W3C home > Mailing lists > Public > public-w3process@w3.org > December 2014

Re: Limiting Charter extensions

From: Daniel Glazman <daniel.glazman@disruptive-innovations.com>
Date: Thu, 25 Dec 2014 20:51:25 +0100
Message-ID: <549C6ABD.8000809@disruptive-innovations.com>
To: public-w3process@w3.org
On 25/12/14 13:59, chaals@yandex-team.ru wrote:

> I am not convinced that it is overkill for supergroups like CSS.

Were you writing this as an AC or as an AB?

If you wore your AB hat, I am not asking you to be convinced or not, I
am asking you to take that feedback, from both the WG and a co-chair of
the WG, under account as an AB Member supposed to represent all ACs.

35 CSS WG members meeting in Paris last year said, consensually, this
is overkill. I think the Staff contacts of our Group can testify the
process was overkill. I also think they already did it in
the past. And did you really read what dbaron wrote here in this
mailing-list?

We did what we did because the Process instructed us to determine
estimates for deliverables and priorities. We prompted W3M about it,
and the obligation to do it was confirmed, twice.

> I have gone through it several times with webapps, which is comparable, and I think the actual burdens imposed by the process are reasonable, and not excessive.

Your opinion is for WebApps. I disagree entirely for the CSS WG and
I never dared - and will never dare - expressing an opinion for other
Groups, in particular a WG I'm not a member of.

There are a lot of areas where the process is excessive and gives a bad
opinion of W3C to many spec contributors. This is one. We had to
spend countless hours of meetings and calls for each rechartering, up to
the point Members had enough (and I can easily understand them)...
Contributing to W3C costs a lot, and the time of individual contributors
is best spent ON SPECS, not on process.

Let me repeat: the whole WG and the co-chairs reported a big issue 15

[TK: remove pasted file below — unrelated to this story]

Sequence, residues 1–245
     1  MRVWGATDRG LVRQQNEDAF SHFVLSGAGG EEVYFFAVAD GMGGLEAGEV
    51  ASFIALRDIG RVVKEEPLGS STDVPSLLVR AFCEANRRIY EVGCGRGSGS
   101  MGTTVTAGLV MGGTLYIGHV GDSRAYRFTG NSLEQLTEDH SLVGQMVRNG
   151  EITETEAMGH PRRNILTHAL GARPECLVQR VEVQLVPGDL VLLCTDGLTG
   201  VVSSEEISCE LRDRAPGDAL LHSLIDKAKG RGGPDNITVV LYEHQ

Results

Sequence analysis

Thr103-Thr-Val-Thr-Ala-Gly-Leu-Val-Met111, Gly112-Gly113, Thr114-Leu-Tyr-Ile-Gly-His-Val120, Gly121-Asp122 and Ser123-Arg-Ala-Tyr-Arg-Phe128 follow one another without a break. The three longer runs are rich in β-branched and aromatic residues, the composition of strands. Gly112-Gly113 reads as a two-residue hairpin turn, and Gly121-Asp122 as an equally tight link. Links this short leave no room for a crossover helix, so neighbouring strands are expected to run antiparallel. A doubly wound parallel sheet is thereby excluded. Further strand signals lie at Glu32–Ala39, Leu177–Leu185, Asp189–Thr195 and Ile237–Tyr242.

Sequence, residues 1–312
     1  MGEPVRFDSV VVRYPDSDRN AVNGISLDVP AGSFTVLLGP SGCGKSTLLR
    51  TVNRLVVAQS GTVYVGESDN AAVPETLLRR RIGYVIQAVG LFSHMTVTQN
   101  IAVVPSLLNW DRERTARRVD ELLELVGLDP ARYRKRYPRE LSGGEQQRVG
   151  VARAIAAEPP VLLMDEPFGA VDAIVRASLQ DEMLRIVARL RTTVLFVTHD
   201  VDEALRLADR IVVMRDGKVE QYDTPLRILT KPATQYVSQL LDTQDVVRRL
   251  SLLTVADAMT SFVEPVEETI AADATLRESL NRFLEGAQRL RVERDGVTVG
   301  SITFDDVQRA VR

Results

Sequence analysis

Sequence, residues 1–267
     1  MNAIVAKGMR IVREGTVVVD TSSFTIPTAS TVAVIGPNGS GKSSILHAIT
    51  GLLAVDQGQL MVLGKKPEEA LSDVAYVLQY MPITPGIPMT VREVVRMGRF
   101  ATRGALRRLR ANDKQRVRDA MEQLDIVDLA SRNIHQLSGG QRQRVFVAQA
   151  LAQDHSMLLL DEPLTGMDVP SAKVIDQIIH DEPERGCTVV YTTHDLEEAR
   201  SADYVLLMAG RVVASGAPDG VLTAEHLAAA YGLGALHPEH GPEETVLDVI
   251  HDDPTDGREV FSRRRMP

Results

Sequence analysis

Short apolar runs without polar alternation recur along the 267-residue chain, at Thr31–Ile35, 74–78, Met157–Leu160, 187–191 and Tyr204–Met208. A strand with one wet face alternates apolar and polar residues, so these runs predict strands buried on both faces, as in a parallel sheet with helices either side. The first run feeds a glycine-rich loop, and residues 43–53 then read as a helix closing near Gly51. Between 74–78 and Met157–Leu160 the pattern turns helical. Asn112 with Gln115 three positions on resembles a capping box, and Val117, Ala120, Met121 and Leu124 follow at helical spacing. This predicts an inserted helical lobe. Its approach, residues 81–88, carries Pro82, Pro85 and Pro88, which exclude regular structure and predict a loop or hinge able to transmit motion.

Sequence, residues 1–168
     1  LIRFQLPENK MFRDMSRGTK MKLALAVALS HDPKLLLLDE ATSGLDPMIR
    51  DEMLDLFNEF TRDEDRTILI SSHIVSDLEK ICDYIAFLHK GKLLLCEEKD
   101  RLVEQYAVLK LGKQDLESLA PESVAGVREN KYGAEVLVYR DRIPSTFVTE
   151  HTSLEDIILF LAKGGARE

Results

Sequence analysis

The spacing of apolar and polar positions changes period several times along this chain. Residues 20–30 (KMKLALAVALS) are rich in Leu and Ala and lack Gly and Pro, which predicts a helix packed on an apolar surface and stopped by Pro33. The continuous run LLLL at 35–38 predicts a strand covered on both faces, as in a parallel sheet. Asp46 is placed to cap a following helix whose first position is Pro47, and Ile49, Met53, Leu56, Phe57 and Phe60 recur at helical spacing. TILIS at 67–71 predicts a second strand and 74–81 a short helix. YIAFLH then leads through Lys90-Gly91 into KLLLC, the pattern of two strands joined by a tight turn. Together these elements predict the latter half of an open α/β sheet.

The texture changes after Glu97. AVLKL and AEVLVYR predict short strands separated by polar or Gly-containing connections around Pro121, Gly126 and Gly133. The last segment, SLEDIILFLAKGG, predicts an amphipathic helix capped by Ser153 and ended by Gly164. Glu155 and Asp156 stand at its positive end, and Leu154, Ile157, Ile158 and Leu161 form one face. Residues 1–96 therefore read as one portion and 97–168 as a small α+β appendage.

months ago and I still have to "convince" you to listen to our WG's
feedback? Seriously?

> So if these things are really just a guess (and I agree they are) why do you make a lot of effort to agree on them? The process doesn't require anywhere that you spend months trying to predict the future, just that you set some rough expectations.

Why do you make assumptions like that? The first time we
rechartered, we tried to do it really well. Took a year. Second time,
and because of that first experience, we decided to do it roughly.
Still took months. I am saying there is no way for a group of 15
active organizations to find a consensus on even the priorities
of 70 specs in only a few hours of work, in a context of browser war.

Put it in another way: the global $$$ cost of our recharterings is
truly shocking, and I am saying this is because of the Process
constraints. Can we please stop wasting $$$ and be pragmatic again?

> I believe the upshot of the discussion at that time was that AC reps appreciate getting at least your guesstimates, even if we understand they may turn out to be wildly wrong.

Sorry, this is probably me, but I cannot understand how one can
"appreciate" data that "may turn out to be wildy wrong" or how
such data can be useful to anyone. Unreliable data are not only
useless but potentially dangerous.

Ok, AC-Reps expect data. There are only two possibilities here: it
is OR it is not possible to provide them with data. I am saying
that, in the general case of our WG, it is not.
We can easily give a list of documents, yes. But even prioritizing
70 documents in 3 categories will take hours of work and probably
three iterations. Make an educated guess about my opinion here...

>I don't think anyone suggested you should spend a lot of time trying to pin them down to perfection, and I don't see anything in the Process that requires you to do so.
>
> It strikes me as reasonable that there is some effort required in maintaining a list of deliverables for a group whose scope is very broad, and it seems that there are good reasons for having such groups. But if the expected milestones are a big cost in maintaining that list, I think you're doing it wrong. Ask the editors, and unless someone disbelieves them, that should be it.

We tried several approaches in the last decade. None of them worked.
There are different reasons: confidentiality, industrial practices
(have you ever heard Apple say what their priorities will be six
months later?), time to get feedback from AC-Reps and Legal,
and so on. Even a VERY rough estimate takes months to evaluate.
Do you understand this fuels the "W3C is irrelevant" comments?

Of course, nobody suggested we spend a lot of time on rechartering!
But we were told we HAVE to provide estimates or prioritization even
if we said it takes too much time to do it. In short, this means one or
both of the following items:

   1. you don't work well on this, better execution would cost less time.
   2. we don't care; "dura lex sed lex".

All your message lets me think you're on the "both" side.

My personal feeling is that I am fed up with having to detail and
explain an costly issue like this one. I will fully randomize the
priorities' or time estimates' section of our next rechartering and
submit it "as is" for AC vote.

</Daniel>
Received on Thursday, 25 December 2014 19:51:50 UTC

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